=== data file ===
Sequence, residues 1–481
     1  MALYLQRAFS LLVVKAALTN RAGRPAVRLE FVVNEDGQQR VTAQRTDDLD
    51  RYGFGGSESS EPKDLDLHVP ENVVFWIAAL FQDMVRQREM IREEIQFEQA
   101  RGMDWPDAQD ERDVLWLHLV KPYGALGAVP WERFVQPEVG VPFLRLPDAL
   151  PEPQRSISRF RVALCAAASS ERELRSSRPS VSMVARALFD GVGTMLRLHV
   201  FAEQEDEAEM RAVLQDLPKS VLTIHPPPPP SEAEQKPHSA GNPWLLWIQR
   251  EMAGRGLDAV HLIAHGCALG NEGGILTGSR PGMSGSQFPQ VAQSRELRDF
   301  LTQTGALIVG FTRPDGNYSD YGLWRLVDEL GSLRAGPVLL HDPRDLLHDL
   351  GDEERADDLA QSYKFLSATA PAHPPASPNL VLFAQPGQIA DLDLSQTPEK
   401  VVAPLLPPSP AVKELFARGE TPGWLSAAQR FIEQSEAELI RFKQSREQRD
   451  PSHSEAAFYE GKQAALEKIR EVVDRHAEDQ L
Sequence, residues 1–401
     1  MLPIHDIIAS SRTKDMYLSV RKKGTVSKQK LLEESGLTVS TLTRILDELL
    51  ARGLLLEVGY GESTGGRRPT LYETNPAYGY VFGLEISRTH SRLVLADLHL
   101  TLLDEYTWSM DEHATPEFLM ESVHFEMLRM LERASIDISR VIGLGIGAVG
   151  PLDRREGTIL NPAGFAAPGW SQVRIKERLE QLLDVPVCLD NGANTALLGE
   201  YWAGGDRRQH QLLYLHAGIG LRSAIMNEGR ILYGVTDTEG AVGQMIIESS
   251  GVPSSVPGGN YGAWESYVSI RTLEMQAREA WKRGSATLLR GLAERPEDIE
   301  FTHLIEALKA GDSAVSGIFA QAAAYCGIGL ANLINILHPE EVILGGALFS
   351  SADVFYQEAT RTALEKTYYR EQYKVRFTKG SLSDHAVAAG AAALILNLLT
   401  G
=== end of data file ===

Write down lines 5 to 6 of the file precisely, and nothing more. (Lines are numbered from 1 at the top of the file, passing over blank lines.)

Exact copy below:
   151  PEPQRSISRF RVALCAAASS ERELRSSRPS VSMVARALFD GVGTMLRLHV
   201  FAEQEDEAEM RAVLQDLPKS VLTIHPPPPP SEAEQKPHSA GNPWLLWIQR